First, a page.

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J Thromb Haemost. 2007 Mar;5(3):551-9. Epub 2006 Nov 28.

Defective platelet responsiveness to thrombin and protease-activated receptors agonists in a novel case of gray platelet syndrome: correlation between the platelet defect and the alpha-granule content in the patient and four relatives.

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Department of Internal Medicine, Haemostasis Research Centre, Agostino Gemelli Hospital, Catholic University School of Medicine, Rome, Italy.



We report a novel case of gray platelet syndrome (GPS). A 14-year-old boy had bleeding diathesis, mild thrombocytopenia, giant platelets with severe defect of alpha-granule secretory proteins, myelofibrosis and splenomegaly.


Platelet function studies showed a marked reduction of aggregation and Ca(2+) mobilization by thrombin, protease-activated receptor 1 (PAR1)-activating peptide (AP) and PAR4-AP, PAR1 expression at 55% of normal levels, and a more than two hundred fold reduction of in vitro whole-blood thromboxane B(2) (TXB(2)) production. Sequencing of coding regions of the PAR1 gene failed to show abnormalities. This patient was initially classified as a sporadic case of GPS, as electron microscopy failed to identify giant platelets and/or alpha-granule deficiency in his relatives. However, further studies on the father and three other relatives showed a relative lack of platelet alpha-granule proteins by immunofluorescence microscopy, a defective platelet response to PAR4-AP, and severely reduced in vitro whole-blood TXB(2) production. On this basis, we suggest that in this family, GPS was transmitted in a dominant fashion with highly variable penetrance.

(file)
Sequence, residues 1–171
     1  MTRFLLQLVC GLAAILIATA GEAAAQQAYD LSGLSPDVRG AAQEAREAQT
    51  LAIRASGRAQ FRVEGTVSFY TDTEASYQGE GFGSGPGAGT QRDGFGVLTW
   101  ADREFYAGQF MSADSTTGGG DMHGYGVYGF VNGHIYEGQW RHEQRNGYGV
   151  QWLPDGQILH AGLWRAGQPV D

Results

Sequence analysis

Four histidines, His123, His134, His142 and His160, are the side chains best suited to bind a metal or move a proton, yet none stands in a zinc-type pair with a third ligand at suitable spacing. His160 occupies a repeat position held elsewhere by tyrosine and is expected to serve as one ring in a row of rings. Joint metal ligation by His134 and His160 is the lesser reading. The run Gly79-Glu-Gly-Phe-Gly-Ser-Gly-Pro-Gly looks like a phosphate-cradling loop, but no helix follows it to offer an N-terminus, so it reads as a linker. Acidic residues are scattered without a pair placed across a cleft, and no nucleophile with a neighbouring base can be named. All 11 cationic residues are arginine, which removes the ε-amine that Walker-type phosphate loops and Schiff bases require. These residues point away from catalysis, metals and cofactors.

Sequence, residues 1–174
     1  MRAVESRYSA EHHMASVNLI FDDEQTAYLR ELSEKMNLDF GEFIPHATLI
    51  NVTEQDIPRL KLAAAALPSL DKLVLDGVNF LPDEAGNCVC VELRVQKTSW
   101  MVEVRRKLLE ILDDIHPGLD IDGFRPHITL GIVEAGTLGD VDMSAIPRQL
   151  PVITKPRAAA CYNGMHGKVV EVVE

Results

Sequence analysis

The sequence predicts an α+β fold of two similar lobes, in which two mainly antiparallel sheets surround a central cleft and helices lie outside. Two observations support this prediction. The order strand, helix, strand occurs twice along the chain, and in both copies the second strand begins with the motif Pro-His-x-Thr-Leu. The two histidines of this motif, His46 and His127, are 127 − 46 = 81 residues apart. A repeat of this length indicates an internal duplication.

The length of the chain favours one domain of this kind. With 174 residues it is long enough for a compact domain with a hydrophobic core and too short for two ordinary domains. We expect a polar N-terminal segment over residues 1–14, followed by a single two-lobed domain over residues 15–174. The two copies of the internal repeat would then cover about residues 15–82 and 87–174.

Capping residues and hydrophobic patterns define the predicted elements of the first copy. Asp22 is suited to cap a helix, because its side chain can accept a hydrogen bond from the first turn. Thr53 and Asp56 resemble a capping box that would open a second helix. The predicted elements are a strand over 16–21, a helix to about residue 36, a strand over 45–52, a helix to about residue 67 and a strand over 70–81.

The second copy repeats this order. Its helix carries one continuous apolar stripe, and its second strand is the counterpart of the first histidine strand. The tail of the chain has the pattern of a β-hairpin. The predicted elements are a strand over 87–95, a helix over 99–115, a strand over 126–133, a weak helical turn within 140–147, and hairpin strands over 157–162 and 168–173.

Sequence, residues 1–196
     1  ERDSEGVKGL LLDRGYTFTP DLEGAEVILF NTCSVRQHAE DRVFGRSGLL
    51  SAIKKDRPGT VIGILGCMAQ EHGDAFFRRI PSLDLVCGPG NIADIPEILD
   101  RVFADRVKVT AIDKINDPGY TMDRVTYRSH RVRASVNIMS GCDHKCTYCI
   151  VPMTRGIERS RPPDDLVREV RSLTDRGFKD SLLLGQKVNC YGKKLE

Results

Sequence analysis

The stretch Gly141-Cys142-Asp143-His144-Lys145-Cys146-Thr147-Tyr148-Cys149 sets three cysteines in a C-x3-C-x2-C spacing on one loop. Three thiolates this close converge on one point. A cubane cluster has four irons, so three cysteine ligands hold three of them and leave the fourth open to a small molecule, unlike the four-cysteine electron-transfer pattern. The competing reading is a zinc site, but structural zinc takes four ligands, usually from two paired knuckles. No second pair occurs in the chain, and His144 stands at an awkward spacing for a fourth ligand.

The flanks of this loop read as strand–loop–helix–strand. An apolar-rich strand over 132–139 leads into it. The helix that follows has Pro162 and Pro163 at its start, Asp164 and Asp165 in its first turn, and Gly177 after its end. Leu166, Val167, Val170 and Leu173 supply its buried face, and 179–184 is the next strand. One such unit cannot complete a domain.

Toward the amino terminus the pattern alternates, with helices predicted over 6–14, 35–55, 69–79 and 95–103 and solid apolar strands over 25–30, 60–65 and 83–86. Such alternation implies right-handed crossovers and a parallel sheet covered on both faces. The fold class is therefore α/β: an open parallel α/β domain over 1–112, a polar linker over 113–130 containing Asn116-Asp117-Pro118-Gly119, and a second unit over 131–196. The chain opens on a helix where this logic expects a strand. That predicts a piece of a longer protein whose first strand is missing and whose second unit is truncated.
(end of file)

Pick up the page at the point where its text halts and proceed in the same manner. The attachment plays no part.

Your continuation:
Our study suggests that current diagnostic criteria fail to identify some patients with a mild GPS phenotype and that such patients might be identified by the methods cited above. It also better characterizes the pathogenesis of defective platelet responses to thrombin, and raises interesting questions on the correlation between abnormal PAR function and the lack of alpha-granule content in GPS.

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